My agonizing journey through the wilderness of addiction in years past prompted me to read numerous books on masculinity. What a hodgepodge of ideas and speculations! Some proved more helpful than others. Never have I felt comfortable turning to one as the resource for our Oxford Club for men, until now.
Upon reading Richard Phillips’ The Masculine Mandate: God’s Calling to Men (Reformation Trust, 2009, 175 pages) just a couple of months ago, I felt immediately impressed that this book definitely warranted our attention as men at Orlando Grace.
Among other reasons, the book’s biblical and theological integrity struck me as remarkably unique compared to a good bit of what comes off evangelical publishing presses in our day and age. One reviewer, commenting for Discerning Reader, commented that it contains enough Scripture nearly to pass for a commentary!
The reviewer further notes:
What is the masculine mandate? Phillips says that, “Rather than following the American stereotype of cold, macho masculinity, Christian men should seek to grow in their ability genuinely to bless others.” He points to this mandate in Genesis chapter 2, which “shows that God created man for a purpose. God ordained that Adam would bear His image both in his person and in his work, and God put Adam in the world to work it and keep it—to be a cultivator and a protector.”
Men today, like Adam in Genesis chapter 2, are called to “work” and “keep.” “God put Adam in the garden ‘to work it and keep it’ and the only difference between Adam’s calling and ours lies in the details of how we seek to fulfill it.” What are some of the areas where men are called to be workers and keepers? The author concentrates on five: employment, marriage, children, friends, and the church.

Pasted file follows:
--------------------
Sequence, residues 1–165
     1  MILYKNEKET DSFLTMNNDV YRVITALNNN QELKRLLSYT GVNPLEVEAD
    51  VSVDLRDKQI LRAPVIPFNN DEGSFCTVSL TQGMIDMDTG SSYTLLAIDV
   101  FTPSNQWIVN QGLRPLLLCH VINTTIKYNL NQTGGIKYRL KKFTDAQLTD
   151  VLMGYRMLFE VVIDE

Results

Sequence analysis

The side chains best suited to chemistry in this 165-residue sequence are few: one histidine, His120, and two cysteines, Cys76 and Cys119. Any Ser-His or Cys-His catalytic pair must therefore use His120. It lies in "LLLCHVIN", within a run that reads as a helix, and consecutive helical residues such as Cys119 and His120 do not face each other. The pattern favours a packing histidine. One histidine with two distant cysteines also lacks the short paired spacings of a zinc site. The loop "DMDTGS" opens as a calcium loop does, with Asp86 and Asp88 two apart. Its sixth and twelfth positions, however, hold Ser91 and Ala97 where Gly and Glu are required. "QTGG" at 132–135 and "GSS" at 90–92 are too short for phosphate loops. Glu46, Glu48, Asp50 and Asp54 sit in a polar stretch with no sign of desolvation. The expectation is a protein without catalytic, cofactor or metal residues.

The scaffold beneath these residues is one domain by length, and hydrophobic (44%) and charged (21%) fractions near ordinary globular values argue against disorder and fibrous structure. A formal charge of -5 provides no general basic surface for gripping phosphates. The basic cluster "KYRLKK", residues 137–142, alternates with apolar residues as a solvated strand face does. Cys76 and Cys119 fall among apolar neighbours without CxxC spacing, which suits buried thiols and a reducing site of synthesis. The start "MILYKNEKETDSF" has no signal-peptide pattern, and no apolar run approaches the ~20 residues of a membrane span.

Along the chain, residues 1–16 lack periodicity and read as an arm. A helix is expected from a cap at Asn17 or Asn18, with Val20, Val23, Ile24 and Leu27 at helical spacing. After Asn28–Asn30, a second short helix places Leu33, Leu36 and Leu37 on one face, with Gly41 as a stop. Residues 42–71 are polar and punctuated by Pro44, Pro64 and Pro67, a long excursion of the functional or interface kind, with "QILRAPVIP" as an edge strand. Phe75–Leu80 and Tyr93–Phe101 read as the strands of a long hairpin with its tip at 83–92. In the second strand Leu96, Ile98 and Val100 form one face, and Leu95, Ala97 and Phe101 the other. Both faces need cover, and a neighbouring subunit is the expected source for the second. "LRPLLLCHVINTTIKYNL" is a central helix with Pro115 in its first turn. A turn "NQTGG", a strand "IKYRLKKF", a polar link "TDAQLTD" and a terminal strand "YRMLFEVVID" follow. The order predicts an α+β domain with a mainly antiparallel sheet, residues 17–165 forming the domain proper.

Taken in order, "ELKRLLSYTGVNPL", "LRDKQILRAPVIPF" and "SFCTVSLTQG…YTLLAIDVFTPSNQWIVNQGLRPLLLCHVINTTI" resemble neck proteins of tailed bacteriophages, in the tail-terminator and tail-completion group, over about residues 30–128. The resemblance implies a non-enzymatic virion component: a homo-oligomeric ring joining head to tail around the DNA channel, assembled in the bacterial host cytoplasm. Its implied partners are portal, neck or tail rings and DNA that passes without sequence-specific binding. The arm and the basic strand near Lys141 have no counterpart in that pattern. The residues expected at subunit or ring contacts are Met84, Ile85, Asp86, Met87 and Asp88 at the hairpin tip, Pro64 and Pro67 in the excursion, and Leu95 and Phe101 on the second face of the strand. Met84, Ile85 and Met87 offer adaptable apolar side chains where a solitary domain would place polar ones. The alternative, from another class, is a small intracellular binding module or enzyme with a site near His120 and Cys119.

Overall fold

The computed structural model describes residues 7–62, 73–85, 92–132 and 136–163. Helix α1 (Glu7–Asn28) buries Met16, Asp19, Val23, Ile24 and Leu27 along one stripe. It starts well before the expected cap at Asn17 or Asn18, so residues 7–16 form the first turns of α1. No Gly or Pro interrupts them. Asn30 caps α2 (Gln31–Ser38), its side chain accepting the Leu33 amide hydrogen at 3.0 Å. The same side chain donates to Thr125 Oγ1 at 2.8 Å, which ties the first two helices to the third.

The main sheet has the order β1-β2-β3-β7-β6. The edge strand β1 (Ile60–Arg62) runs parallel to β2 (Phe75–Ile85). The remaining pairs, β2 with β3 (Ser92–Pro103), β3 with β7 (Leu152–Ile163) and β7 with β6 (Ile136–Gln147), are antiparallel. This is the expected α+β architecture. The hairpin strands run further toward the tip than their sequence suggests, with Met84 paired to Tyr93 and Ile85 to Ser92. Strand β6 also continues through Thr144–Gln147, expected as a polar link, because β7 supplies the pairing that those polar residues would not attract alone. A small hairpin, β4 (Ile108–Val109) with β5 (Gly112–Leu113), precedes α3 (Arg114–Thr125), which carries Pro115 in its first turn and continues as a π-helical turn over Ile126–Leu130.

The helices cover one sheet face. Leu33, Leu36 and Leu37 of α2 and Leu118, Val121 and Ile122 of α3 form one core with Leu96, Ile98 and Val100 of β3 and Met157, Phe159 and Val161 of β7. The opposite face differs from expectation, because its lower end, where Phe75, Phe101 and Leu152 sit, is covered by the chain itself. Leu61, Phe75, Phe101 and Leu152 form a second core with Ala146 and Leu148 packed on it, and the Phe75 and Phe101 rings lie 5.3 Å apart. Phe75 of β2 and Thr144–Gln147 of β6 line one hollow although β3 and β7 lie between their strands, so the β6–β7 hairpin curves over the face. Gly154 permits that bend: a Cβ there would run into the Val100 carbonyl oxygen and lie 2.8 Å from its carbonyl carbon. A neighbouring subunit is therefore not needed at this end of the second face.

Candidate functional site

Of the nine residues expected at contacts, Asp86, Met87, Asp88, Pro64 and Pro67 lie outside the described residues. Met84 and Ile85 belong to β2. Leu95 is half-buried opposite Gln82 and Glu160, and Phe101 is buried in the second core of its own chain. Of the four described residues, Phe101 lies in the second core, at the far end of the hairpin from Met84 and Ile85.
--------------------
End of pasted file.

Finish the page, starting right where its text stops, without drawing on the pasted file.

Men have the responsibility to work hard to glorify God through employment. They are to be good husbands, loving their wife “as Christ loved the church.” They are to be godly fathers who both disciple and discipline their children. They are to be friends to the men whom God has put in their lives. And they are to serve and lead in the church.
Oxford Club resumes on January 8, 2011 at 7 AM at the church office. Newcomers to our band of brothers are most certainly welcome. We bring our own breakfast. We end promptly at 9.
You can secure a copy of our new book from the resource table any Sunday this month for a mere $7.50 or whatever you can afford.
Let me know you plan to come and I will send you a copy of a self-study guide to help prepare you for our discussion.
Pray with me that God works in the men of OGC to shape us according to a God-honoring masculine mandate that causes us to heed His calling as men in every sphere of our lives!